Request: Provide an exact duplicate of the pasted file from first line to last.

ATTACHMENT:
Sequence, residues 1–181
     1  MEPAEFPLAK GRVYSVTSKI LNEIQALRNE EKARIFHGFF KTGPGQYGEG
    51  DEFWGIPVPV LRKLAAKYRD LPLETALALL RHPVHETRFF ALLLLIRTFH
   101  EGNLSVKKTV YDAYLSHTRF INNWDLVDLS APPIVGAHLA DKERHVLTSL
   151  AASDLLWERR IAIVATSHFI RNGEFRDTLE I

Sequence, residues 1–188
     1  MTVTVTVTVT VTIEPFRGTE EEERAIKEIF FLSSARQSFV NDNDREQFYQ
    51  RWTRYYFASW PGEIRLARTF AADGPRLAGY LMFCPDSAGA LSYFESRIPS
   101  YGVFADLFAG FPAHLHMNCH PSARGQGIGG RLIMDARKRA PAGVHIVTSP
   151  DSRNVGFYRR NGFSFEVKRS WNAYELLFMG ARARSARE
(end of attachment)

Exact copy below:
Sequence, residues 1–181
     1  MEPAEFPLAK GRVYSVTSKI LNEIQALRNE EKARIFHGFF KTGPGQYGEG
    51  DEFWGIPVPV LRKLAAKYRD LPLETALALL RHPVHETRFF ALLLLIRTFH
   101  EGNLSVKKTV YDAYLSHTRF INNWDLVDLS APPIVGAHLA DKERHVLTSL
   151  AASDLLWERR IAIVATSHFI RNGEFRDTLE I

Sequence, residues 1–188
     1  MTVTVTVTVT VTIEPFRGTE EEERAIKEIF FLSSARQSFV NDNDREQFYQ
    51  RWTRYYFASW PGEIRLARTF AADGPRLAGY LMFCPDSAGA LSYFESRIPS
   101  YGVFADLFAG FPAHLHMNCH PSARGQGIGG RLIMDARKRA PAGVHIVTSP
   151  DSRNVGFYRR NGFSFEVKRS WNAYELLFMG ARARSARE